In My Weakness, He Is Strong

On August 21st, 2015, I welcomed my third-born child into the world.  Not even 13 months earlier, we had welcomed our second-born into the family; and not 19 months before that, was my first child born.  In a matter of 30 months, I became a mother to three under three.  Now, this would be a challenging situation no matter the circumstances.  But, on the day my newborn turned 9-weeks old, my husband, her daddy, left for work: to the field for six and then three weeks without any communication whatsoever.  No phone calls; no text messages; no Skype, not even letters.  Not only were the struggles of everyday life with a new baby complicated by my other two, needy, young children’s demands, but I now had no sounding board, no best friend, no decision maker or fellow disciplinarian to help balance the scales of parenting and life in general.  Add to that extended family living over 3,000 miles and three time zones away, and you can imagine how isolated, overwhelmed, and constantly defeated I felt.

I was suddenly a situationally single-parent of a two and a half year-old in the throes of tantrums and inability to express her emotions of missing her daddy, a fourteen month-old in denial of his new baby sister’s existence, and a newborn who would shriek and scream literally every. single. time she was not in my arms and didn’t ever sleep for more than three hours at a time.  Simply put, I struggled moment by moment just to keep my head above water.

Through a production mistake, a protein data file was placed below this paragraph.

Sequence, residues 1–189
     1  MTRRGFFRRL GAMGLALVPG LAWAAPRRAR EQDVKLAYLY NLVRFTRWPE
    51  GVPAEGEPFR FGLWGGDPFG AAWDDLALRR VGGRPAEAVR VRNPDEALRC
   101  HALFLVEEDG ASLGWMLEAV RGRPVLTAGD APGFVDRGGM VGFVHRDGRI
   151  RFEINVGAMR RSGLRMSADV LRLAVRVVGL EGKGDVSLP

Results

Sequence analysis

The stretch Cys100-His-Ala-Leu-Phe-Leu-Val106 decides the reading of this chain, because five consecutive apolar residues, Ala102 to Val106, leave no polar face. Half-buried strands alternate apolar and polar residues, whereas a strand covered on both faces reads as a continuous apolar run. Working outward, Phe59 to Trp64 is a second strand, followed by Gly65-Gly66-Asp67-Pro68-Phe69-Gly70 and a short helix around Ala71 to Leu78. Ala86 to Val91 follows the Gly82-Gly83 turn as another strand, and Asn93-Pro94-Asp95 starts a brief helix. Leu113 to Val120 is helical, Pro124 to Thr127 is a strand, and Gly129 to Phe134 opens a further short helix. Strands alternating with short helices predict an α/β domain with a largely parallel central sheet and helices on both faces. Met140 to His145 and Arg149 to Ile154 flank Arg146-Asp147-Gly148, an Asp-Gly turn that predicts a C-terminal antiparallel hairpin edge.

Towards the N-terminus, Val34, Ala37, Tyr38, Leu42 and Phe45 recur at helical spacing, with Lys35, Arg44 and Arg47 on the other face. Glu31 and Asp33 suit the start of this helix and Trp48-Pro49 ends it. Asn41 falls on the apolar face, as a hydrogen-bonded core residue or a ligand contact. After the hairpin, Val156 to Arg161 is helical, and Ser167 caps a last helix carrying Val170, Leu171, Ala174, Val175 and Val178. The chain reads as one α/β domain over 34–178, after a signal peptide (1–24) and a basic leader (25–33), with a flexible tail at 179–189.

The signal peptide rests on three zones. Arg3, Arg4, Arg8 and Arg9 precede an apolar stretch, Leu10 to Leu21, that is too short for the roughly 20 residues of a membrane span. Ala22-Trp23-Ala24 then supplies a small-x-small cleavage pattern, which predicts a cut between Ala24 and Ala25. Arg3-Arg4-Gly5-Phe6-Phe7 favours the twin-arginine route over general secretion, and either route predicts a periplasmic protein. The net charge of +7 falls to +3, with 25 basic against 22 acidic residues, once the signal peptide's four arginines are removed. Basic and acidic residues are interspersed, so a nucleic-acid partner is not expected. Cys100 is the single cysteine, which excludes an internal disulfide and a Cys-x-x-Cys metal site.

Those days were the most demanding, unrelenting, exhausting, out of control of any I had yet experienced in life.  Honestly, it took me a solid year to recover fully from those few months of what felt like despair.  In those days I constantly found myself, face on the ground, crying— really, screaming— out to God in confusion and frustration over my absolute inadequacy and mental & physical inability to handle what He had put before me.  Had He made a mistake in giving me all of these little people to care for and putting us “alone” in this military family?  Were my husband & I wrong to take God at His Word in believing that children are a blessing and a heritage?  Where was God in all of this, anyway?  What did He even want from me?  It was one morning when I was too tired to think straight and too overwhelmed to hold back my boiling anger that I once again yelled out at the heavens, “Don’t you know that I can’t DO this, Lord?!”  In this moment I heard, undeniably, the Holy Spirit whisper to me, “Exactly: you can’t.  But I can.”  Right then, God gave me His Word from 2 Corinthians 12:9: “‘My Grace is sufficient for you, for My power is made perfect in weakness.'”

I learned that God wasn’t asking me to do it all.  He was more than willing, more than capable, of taking on every single burden, frustration, fear, and need I had been bearing on my own.  He had never intended for me to carry these circumstances on my shoulders which were, clearly, too feeble and overworked to hold any weight for any longer.  Instead, He wanted to do the work; He wanted me to surrender my will, my plans, my control, my future to Him and His perfect ways and trust that He would take care of all the details— even when it didn’t seem that He was.  It was my own, extreme weakness that was evidence of my need for a loving Savior to take the reins: not just for my ‘ten year plan’ but also for the next ten minutes.  Only in Him was I able to accomplish anything of value or worth.